The tough role of OBRs revolutionising the way we follow IMOCA racing
For Jimmy Horel, the Bay of Biscay in late September on the first section of the Défi Azimut 48-Hours, was a true baptism of fire.
The 32-year-old Frenchman, who formerly built a big YouTube following as he travelled north America for three years in his VW van, was making his debut in the IMOCA class as an Onboard Reporter, or OBR, and it proved an unforgettable experience.
With the 48-Hours including a mandatory requirement for all boats to carry an OBR for the first time, Horel had been assigned to Manuel Cousin and Clément Giraud’s Coup de Pouce-Giffard Manutention and he had to get to know the ropes of the 2007 Farr design quickly.
“First, it is a challenge when you don’t know the team or the skippers, so you are thrown into the lion’s den straight away,”Horel told the Class this week. “And especially because the conditions were really, really tough. So that added a level of stress because – as an OBR – you have a certain mission and you need to do the job even when the conditions are hard.”
Horel is unlikely to forget that long first upwind section of the race when the IMOCA’s where smashing and crashing into a gusty and squally headwind which was kicking up a rough sea off the Brittany coast. By dusk at the end of that first day, Horel was struggling.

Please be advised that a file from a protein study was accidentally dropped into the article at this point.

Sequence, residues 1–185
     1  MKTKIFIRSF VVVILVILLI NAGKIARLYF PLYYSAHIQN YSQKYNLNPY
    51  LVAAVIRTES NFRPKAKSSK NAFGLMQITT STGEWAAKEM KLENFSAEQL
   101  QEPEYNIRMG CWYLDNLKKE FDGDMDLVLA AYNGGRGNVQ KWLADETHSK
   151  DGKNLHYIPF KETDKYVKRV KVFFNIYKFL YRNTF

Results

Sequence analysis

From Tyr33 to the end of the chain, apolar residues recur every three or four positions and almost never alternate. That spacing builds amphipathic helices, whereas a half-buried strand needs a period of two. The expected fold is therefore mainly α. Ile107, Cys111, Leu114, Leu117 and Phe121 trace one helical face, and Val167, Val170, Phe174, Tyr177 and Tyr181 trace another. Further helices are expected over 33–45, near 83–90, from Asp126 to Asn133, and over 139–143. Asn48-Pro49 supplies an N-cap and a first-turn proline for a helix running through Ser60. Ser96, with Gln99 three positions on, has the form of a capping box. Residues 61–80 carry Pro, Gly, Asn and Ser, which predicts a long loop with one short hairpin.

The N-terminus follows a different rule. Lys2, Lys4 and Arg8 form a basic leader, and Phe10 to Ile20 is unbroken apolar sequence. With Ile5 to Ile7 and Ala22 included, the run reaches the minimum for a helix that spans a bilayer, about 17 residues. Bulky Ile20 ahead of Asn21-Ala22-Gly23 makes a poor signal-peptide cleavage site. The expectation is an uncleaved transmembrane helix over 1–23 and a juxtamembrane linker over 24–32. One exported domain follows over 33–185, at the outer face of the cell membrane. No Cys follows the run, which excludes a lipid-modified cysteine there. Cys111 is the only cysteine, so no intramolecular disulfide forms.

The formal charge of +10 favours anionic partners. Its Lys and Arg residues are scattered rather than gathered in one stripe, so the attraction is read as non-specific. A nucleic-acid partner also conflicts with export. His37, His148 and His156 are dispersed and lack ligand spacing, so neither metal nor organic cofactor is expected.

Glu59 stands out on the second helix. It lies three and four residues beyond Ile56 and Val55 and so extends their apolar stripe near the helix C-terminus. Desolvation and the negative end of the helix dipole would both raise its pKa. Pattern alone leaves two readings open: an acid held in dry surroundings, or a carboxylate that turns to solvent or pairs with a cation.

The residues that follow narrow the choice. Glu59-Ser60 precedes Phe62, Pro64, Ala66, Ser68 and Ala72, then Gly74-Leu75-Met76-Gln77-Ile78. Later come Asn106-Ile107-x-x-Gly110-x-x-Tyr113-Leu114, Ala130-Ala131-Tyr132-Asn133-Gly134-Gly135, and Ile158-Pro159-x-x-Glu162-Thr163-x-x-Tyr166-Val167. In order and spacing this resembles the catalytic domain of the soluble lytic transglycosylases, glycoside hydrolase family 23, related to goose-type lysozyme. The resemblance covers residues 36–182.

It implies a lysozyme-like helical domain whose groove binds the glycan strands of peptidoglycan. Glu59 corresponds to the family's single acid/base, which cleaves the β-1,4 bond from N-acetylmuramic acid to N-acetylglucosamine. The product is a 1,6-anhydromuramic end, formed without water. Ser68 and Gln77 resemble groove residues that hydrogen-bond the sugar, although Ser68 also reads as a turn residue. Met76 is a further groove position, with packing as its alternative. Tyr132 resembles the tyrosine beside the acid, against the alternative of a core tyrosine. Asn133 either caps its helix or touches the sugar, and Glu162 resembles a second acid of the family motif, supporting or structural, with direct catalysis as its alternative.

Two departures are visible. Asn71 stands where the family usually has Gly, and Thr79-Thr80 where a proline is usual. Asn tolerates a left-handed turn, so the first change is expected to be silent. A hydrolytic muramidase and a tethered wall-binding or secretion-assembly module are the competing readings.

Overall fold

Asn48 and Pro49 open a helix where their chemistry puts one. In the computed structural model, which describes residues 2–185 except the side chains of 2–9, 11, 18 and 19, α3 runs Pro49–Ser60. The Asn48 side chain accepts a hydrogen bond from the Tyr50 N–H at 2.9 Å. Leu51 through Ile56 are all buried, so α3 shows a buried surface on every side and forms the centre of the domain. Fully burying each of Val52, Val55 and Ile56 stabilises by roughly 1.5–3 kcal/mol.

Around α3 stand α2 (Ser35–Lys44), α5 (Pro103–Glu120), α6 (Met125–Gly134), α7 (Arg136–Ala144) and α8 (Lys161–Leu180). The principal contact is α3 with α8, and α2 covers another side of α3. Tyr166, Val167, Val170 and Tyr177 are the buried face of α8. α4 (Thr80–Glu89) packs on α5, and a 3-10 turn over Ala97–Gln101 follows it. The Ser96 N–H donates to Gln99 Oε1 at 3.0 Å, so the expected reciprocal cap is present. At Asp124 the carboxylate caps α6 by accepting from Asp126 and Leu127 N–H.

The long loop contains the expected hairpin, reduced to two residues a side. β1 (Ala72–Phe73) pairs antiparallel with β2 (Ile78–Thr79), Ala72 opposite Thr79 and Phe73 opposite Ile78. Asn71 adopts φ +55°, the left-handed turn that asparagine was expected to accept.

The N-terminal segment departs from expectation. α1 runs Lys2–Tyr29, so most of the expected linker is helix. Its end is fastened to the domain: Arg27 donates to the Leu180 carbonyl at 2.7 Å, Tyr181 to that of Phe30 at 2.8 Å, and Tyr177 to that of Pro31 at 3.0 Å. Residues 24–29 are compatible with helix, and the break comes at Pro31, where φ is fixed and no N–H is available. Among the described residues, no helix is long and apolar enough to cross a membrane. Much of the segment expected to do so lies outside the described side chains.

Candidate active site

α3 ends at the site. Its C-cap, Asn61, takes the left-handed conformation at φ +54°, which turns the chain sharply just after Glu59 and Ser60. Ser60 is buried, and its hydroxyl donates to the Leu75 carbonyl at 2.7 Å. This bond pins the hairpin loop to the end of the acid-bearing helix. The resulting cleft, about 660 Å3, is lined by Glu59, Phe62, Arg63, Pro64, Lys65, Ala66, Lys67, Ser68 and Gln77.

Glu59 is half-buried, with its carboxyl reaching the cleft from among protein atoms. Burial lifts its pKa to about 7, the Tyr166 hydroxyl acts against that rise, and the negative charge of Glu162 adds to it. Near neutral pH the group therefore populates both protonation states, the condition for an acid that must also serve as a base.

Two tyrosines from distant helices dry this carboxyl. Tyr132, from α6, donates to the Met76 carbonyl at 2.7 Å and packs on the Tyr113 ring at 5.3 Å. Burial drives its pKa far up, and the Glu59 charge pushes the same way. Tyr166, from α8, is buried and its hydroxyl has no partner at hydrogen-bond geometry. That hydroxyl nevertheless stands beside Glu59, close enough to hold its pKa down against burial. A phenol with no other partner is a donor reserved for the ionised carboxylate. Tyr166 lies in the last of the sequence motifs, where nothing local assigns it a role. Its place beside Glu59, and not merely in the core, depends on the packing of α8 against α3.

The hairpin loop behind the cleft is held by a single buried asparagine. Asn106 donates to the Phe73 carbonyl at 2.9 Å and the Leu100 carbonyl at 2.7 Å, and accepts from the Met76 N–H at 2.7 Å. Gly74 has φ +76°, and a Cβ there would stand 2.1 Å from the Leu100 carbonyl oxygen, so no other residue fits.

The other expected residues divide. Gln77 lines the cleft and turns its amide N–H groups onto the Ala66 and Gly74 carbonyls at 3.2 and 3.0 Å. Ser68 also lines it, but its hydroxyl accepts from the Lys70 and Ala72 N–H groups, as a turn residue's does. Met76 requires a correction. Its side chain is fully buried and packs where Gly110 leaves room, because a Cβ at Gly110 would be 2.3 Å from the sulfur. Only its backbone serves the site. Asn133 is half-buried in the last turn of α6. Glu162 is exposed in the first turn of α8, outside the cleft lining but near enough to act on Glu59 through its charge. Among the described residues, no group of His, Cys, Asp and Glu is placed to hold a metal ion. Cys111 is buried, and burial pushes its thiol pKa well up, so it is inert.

“I got seasick on the first night,”he recalled. “I had a bucket near me and the camera in my hand and I was just juggling between them – it was intense. All the day-to-day things that seem easy on land, become extremely hard at sea on board an IMOCA. That was the hardest part for me – to just take care of myself and to sleep correctly.”
Up ahead on Clarisse Crémer and Alan Robert’s L’Occitane En Provence, the more experienced Anne Beaugé was in her element. Having sailed on four legs of The Ocean Race as an OBR with Paul Meilhat’s Biotherm, Beaugé knew what to expect and had spent many days on board with Roberts, a British sailor who, she says, never seems to run out of energy.
This was her summary of a demanding race that saw everything from big wind to no wind at all. “We had really brutal weather upwind with quite a good swell and rain and squalls and grey skies. Then, on the downwind, we had almost tradewind conditions – sunny and a really deep blue sea, which was lovely. And then we had a little bit of the Doldrums with the passage of a ridge on Saturday morning when, for a few hours, the wind was really erratic and really light.”